Figure 7 Sqn Ldr Stuart receiving his award

Sqn Ldr Stuart also better integrated the RAF website with Twitter and delivered new interactive experiences to reflect the modern multi-domain RAF brand. To achieve this, Sqn Ldr Stuart improved training for the hundreds of practitioners across the ‘Whole Force’ in not just how to use social media effectively, but also how to be more strategic in using these channels to achieve an effect. He developed a new training module and rolled it out to the widest possible media and communications community, which strengthened their capability and created a stronger network of practitioners.

“His toughest task was inheriting a social media review of over 500 RAF social media accounts and turning it into a strategic review,” the citation reads. “As a result of this work he built a network of practitioners across RAF for the first time that was used to deliver a controlled and appropriate response to the funeral arrangements for Prince Philip earlier this year including a full ‘black out’ to ensure that formal sequences of mourning protocol were followed across defence. RAF digital was singled out by the MoD director of comms for their exemplary work at this time.”

He was nominated by Alanah Donnell, Head of RAF Engagement & Comms and sponsored to attend the dinner by Jeremy Greaves, Airbus Interim Head of UK Public Affairs.

The inaugural Civil Servant Military Communicator of the Year went to the RAF Head of Internal Communications Mike Reader.

Mr Reader led on a variety of well recognised and successful campaigns during the year. He coordinated a cross-department team on the RAF Covid-19 Internal Communications campaign from the outset of the pandemic, creating a bespoke RAF hub for personnel on both the RAF intranet and website, later encouraging personnel to have their vaccinations and myth-busting in general about the virus.

“The internal success of regular video messages from the Chief of the Air Staff surpassed any previous video content seen in the Service,” the citation reads.

Mr Reader also took the lead in coordinating and delivering content for VE Day 75. The success of the day was widely recognised, with the RAF achieving a high profile on many national television channels.

“Mr Reader has proved to be a communications native with integrity at his core, who has been a great mentor to all of Air Media & Comms and delivered over and above to provide the best communications possible to the Whole Force,” adds the citation.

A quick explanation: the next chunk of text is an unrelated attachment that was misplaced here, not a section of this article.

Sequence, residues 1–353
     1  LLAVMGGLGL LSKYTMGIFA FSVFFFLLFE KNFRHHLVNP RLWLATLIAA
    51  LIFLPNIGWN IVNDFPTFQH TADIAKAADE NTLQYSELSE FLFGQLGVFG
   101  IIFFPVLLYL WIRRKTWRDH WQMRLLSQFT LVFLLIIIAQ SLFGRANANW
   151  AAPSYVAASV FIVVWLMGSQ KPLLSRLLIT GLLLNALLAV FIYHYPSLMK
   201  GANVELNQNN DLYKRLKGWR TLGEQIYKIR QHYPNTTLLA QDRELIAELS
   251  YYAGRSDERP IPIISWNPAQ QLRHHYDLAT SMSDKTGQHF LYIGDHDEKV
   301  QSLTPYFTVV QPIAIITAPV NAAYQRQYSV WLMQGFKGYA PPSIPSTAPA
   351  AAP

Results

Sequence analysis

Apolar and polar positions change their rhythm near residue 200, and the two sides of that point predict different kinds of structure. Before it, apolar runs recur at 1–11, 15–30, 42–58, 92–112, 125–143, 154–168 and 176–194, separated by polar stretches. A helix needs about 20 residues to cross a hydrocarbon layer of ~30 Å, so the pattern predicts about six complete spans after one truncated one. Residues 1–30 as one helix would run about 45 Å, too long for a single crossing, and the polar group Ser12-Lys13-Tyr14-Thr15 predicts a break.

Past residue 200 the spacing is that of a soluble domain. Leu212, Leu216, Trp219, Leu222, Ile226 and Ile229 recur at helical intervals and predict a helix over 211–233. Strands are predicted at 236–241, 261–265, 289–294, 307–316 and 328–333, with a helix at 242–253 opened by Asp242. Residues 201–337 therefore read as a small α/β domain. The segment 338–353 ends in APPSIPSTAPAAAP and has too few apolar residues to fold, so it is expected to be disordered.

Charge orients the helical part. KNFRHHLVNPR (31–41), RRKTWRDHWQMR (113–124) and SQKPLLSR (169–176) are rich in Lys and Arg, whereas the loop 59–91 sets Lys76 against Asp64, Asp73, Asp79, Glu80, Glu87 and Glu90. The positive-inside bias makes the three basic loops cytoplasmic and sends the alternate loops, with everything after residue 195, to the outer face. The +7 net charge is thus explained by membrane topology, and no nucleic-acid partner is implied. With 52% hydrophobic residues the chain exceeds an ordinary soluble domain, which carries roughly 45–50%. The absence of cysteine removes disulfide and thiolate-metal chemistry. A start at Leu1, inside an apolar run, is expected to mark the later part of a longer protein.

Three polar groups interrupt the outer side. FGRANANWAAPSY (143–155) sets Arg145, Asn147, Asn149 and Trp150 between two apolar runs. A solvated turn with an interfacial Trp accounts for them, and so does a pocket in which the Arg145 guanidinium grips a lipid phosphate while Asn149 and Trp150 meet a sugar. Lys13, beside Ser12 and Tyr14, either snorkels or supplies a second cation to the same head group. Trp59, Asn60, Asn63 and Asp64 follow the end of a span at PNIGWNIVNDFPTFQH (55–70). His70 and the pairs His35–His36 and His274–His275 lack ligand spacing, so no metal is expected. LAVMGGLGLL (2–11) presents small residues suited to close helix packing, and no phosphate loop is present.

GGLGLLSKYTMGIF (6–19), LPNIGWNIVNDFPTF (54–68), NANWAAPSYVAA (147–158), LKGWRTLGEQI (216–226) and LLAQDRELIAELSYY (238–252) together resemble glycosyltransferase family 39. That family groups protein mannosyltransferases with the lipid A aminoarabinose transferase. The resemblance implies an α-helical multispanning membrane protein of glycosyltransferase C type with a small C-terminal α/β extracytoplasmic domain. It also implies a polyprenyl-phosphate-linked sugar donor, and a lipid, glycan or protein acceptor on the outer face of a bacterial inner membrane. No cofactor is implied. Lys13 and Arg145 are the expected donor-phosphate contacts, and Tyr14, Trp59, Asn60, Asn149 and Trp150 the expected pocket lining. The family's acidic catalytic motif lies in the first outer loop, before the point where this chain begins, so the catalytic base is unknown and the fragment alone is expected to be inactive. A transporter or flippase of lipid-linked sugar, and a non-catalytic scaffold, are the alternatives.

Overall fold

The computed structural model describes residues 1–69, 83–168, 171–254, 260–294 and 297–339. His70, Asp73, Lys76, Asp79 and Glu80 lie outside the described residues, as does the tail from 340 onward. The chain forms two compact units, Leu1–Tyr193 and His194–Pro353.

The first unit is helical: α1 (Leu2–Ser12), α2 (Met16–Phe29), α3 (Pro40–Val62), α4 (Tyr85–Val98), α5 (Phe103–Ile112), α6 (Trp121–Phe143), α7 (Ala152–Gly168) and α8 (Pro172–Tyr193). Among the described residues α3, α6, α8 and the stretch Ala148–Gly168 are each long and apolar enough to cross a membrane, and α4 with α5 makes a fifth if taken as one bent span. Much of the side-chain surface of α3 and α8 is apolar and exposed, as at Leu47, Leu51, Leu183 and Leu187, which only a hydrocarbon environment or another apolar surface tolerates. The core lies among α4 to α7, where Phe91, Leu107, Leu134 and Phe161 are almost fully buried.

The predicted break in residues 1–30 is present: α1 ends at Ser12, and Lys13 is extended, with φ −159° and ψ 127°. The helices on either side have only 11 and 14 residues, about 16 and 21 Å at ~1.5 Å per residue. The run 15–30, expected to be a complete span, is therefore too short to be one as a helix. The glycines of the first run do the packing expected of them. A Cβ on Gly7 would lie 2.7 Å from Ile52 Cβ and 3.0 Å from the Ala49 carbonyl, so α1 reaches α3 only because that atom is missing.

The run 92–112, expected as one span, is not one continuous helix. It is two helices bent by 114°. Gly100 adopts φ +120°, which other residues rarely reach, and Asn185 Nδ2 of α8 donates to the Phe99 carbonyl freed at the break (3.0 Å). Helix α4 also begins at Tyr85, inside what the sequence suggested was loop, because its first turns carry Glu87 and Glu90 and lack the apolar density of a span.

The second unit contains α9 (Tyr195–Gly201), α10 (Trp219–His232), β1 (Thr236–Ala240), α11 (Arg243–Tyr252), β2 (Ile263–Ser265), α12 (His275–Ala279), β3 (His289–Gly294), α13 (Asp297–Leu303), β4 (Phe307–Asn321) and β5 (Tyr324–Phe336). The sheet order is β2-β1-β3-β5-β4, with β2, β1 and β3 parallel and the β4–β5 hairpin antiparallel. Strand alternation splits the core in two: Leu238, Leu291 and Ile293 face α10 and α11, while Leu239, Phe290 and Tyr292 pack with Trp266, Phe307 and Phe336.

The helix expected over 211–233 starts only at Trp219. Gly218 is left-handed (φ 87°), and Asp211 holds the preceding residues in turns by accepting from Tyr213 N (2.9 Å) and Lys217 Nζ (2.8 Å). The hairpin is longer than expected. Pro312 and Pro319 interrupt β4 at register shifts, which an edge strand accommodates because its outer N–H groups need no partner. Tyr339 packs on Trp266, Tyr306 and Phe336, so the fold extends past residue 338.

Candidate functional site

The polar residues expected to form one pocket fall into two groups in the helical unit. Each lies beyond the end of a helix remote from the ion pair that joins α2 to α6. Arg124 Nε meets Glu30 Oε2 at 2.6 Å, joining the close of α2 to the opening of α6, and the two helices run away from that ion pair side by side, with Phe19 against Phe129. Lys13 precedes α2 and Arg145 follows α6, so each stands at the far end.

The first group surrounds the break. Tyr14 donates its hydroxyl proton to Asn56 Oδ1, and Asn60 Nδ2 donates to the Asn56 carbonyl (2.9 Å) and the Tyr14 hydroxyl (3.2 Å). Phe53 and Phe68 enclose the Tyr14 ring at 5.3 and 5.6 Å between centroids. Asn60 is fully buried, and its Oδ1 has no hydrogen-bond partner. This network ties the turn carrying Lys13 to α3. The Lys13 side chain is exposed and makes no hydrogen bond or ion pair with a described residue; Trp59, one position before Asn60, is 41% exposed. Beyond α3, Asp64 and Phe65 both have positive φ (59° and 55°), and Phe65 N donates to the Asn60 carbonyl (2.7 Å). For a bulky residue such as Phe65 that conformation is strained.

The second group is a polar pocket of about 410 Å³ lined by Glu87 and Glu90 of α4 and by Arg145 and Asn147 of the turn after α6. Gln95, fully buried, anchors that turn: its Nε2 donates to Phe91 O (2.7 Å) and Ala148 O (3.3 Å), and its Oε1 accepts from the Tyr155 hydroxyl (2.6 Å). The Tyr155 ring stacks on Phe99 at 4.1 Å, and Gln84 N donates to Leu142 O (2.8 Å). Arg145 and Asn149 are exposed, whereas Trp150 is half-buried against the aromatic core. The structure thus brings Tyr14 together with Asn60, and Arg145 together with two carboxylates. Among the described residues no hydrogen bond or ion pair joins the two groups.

Unable to attend, his award was collected on his behalf by Alanah Donnell, who nominated him and who was sponsored to attend the dinner by Lord Mayor Vincent Keaveny.

Presenting the Company of Communicators Military Communicator Awards, the Lord Mayor Elect of the City of London Vincent Keaveny thanked all the winners for their service to our country.

In addition to their certificate, the award winners received a bottle of Port generously donated by Berry Bothers and Rudd.

In his keynote speech to the 100 senior communicators, Admiral Lord West, a former security advisor to No.10, warned senior communicators that “lies” and attempts undermine democracy are one of the greatest concerns we now face.

Figure 8 Admiral Lord West speaking at the HAC

“We are lucky that GCHQ and the NCSC are probably the best in the world at countering these threats,” said Admiral Lord West. “Attacks can affect critical national infrastructure, financial stability, and steal IP. In terms of your messaging one of my greatest concerns is the promulgation of lies and attempts to suborn our institutions and damage our democratic processes.”

After retiring from the Royal Navy in 2006 he was a security advisor to Prime Minister Gordon Brown.

Figure 9 Lord Mayor Elect Vincent Keaveny

Speaking at the event, Lord Mayor Elect Vincent Keaveny said: “Never has it been more imperative to communicate the role of the Armed Forces at home as well as overseas as it was this year when we saw first-hand Armed Forces personnel supporting our wonderful medical professional in our hospitals, delivering supplies across the country and supporting resilience planning in towns and cities across the United Kingdom. The involvement in the response to the coronavirus pandemic is just one of a number of tasks the UK military has been involved in recent years and you as communicators help ensure we at home better understand, appreciate and hopefully acknowledge the service of others.”

Deborah Oliver, Master of the Company of Communicators, also presented Lt Col Lesley Wilde with a Special Award for Outstanding Leadership In Military Media & Communications.

Figure 10 Lt Col Lesley Wilde

“In addition to running her own public relations company, she recently completed a truly impressive career as a very talented and committed military media communicator,” said Oliver.

Lesley joined the Army in 1982 as an officer in the Women’s Royal Army Corps and was stationed in Germany for several years with the Royal Artillery and the Royal Engineers before completing a tour as Garrison Adjutant.

She transferred from regular to reserve service, using her media skills in the Media Operations Group, leading exercises across the world.

She escorted some of the first media into Kuwait during First Gulf War in 1991, covered the 70th Anniversary of D-Day, the funeral of Prince Phillip and Covid-19.

“She has a ‘can do’, inspirational attitude that motivates everyone around her,” said Oliver. “Her tact, diplomacy and determination to complete a task make her an exceptional role model and she has mentored a number of junior communicators throughout her career.

“The Company of Communicators has equally benefitted from her professionalism and her support. She has been critical in delivering the awards for the Military Dinner in previous years and is a respected key member of the Military Committee.”


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Andy Sillett